Bhutan is a country of surprises. Sometimes referred to as the last Shangri-La, it straddles both the ancient and the modern world. Visitors might find Buddhist monks transcribing ancient texts into computers or traditionally dressed noblemen chatting on their cell phones. Truly, a visit to Bhutan is a glimpse into another way of living. Until the 1960s, Bhutan had no national currency, no telephones, no schools, no hospitals, no postal service - and no tourists. But today, its traditional culture and rich history make Bhutan a destination unlike any other. Visitors snap up hand-woven textiles. Take in stunning flora and fauna. And venture out on some of the worlds most challenging and rewarding treks.

Roughly the size of Switzerland, Bhutan is cradled between weighty neighbours China to the north and India to the south. Bhutan's geography includes subtropical savannahs, forests and the Himilayan mountains along its eastern edge. Much of its terrain is extremely rugged.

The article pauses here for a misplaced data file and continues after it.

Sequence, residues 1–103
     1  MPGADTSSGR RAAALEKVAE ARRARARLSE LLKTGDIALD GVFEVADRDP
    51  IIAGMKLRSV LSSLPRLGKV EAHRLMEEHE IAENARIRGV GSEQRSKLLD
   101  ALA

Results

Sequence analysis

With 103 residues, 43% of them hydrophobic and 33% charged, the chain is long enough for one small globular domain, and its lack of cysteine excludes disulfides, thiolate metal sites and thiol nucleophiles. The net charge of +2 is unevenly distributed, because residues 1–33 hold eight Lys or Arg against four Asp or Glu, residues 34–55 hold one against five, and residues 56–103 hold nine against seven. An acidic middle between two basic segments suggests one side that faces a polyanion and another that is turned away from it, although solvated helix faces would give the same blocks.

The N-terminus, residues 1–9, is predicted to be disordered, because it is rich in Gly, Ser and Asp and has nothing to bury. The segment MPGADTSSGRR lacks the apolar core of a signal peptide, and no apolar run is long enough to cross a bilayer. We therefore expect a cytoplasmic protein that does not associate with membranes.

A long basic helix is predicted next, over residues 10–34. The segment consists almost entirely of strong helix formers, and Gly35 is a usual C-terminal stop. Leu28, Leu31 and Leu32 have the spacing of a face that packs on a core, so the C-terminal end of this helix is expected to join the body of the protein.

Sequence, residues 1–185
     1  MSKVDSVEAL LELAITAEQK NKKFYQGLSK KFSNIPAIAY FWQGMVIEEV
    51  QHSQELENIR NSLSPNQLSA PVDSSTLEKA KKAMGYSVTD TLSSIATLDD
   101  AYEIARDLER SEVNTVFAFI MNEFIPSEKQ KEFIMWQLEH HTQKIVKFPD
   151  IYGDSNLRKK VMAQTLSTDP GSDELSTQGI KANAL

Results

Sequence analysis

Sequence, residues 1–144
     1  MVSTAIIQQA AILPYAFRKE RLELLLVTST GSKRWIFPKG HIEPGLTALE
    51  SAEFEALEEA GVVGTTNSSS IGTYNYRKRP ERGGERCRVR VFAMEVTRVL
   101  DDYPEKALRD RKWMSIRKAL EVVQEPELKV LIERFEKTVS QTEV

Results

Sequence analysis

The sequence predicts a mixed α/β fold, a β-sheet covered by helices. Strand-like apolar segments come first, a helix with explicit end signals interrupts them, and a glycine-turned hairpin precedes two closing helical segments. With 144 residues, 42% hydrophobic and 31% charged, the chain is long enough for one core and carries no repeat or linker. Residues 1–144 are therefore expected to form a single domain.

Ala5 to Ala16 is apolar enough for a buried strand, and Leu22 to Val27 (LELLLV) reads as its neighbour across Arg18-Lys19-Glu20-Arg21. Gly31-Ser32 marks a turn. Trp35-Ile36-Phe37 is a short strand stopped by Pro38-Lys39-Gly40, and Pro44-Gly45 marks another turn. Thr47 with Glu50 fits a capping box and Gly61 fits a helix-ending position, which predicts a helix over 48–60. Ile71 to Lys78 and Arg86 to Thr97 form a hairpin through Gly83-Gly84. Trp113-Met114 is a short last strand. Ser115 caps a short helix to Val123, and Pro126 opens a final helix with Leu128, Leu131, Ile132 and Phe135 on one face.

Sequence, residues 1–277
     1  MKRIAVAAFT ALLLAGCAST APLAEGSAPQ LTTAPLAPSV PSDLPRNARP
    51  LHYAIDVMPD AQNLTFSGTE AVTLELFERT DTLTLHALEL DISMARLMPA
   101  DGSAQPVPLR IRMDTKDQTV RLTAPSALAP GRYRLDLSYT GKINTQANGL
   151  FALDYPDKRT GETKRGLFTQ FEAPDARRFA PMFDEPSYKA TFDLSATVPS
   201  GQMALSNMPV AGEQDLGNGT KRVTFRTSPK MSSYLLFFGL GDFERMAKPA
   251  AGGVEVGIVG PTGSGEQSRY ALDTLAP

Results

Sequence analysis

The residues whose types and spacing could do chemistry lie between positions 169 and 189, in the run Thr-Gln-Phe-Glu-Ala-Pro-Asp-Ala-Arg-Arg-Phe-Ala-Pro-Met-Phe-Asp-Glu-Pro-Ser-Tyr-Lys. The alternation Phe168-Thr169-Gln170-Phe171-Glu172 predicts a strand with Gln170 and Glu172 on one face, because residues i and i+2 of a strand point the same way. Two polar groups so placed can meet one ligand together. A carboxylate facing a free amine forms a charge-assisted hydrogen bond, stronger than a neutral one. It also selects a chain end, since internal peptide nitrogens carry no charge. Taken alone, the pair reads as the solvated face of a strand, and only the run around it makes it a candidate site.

The climate of Bhutan varies across its three main geographic regions. In the north, soaring Himalayan peaks reach up over 7300 meters (24,000 feet), and extremely cold winters and cool summers prevail. The capital of Thimpu is located in the central uplands, where temperatures range from January lows of -5°C to summertime highs of 25°C. The southern plains of Bhutan enjoy a more tropical climate year round, getting up to 30°C in summer. Rain occurs primarily during the monsoon season, from June to September, with southern areas seeing the most precipitation.

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